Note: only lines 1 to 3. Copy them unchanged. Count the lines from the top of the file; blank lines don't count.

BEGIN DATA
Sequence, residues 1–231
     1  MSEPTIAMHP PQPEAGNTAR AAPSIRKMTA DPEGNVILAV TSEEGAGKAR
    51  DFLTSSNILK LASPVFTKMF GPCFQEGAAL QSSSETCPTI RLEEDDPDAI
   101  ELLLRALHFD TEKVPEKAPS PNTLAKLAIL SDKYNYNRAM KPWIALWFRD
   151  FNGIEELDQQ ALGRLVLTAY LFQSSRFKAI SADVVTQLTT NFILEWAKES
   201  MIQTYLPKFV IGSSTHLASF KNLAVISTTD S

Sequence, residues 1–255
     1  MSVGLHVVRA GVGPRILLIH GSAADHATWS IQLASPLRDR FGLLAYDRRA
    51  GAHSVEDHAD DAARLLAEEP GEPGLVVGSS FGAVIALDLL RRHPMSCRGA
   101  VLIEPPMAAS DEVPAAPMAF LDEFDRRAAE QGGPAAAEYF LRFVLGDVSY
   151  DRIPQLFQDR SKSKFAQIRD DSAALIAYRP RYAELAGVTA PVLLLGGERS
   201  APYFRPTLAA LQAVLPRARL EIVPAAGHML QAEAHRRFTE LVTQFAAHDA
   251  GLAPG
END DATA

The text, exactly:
Sequence, residues 1–231
     1  MSEPTIAMHP PQPEAGNTAR AAPSIRKMTA DPEGNVILAV TSEEGAGKAR
    51  DFLTSSNILK LASPVFTKMF GPCFQEGAAL QSSSETCPTI RLEEDDPDAI